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No Recourse for Subway Slip and Falls

Posted by Joseph G. Cleaver
Joseph G. Cleaver
As a trial associate at Kramer & Connolly, Mr. Cleaver briefed and argued motions and tried cases throughout M...
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on October 30, 2012
in Slip and Fall Cases

The Maryland Court of Appeals holds that the Washington Metropolitan Area Transit Authority is entitled to immunity from tort claims arising out of its maintenance decisions.

In an opinion resolving two cases – Tinsley v. WMATA & Hodge v. WMATA – the Court of Appeals ruled that Washington Metropolitan Area Transit Authority (“WMATA”) was immune from suits arising out of injuries to two of its customers.  Ms. Tinsley alleged that she was seriously injured when she slipped and fell on a wet floor in a WMATA station.  According to Ms. Tinsely’s lawsuit, the floor was wet because it had recently been cleaned by WMATA employees.  Ms. Hodge also alleged that she was severely injured when she fell on a wet floor.  In Ms. Hodge’s case, the floor was wet because other passengers had tracked snow into the station, which subsequently melted on the train platform. 

The Court explained that WMATA was created by the Washington Metropolitan Area Transit Authority Compact (“the Compact”), an agreement entered into between Maryland, Virginia, and the District of Columbia creating a public transportation system to serve the greater Washington area.  WMATA enjoys sovereign immunity as a result of the Compact’s signatories “conferring their respective immunities upon it.”  The immunity applies to “governmental functions,” namely those activities involving “an element of choice grounded in public policy.”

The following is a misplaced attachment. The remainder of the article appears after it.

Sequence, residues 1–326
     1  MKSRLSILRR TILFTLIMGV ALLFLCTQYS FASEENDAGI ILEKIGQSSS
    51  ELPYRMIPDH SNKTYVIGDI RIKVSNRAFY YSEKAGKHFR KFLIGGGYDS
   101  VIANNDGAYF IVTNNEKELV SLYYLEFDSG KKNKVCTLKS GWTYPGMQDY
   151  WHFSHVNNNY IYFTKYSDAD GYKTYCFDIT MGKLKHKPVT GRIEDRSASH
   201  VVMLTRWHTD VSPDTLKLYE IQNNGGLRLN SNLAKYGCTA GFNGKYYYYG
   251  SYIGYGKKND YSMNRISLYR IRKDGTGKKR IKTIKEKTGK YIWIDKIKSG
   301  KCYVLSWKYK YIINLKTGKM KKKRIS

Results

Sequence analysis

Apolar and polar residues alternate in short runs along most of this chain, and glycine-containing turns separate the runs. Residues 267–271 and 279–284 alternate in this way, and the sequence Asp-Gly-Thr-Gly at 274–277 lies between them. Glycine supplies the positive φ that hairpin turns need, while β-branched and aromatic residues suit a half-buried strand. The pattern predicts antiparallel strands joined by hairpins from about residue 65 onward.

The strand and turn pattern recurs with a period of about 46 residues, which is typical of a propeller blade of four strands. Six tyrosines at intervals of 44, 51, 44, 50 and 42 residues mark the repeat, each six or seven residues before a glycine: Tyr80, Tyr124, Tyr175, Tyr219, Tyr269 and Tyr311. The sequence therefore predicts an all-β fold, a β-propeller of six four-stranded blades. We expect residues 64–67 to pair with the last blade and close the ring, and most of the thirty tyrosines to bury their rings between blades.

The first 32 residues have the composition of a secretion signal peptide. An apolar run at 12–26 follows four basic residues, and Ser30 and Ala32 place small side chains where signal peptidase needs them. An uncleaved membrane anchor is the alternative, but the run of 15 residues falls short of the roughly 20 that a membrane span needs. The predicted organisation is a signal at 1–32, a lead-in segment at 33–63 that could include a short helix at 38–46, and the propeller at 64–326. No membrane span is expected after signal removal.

The Court held that WMATA’s decisions concerning when to clean the floor were based on economic and policy considerations, because “WMATA employees, in determining when is the best time to clean, are balancing concerns of ensuring safe conditions against not impeding pedestrian traffic, as well as how often to clean, balancing concerns involved in creating a cleaning schedule against WMATA’s budget.”  Because the decisions were governmental functions, the WMATA was immune from the claims brought by Tinsley and Hodge.   

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As a trial associate at Kramer & Connolly, Mr. Cleaver briefed and argued motions and tried cases throughout Maryland, establishing a winning track record with careful preparation, research and aggressive advocacy.

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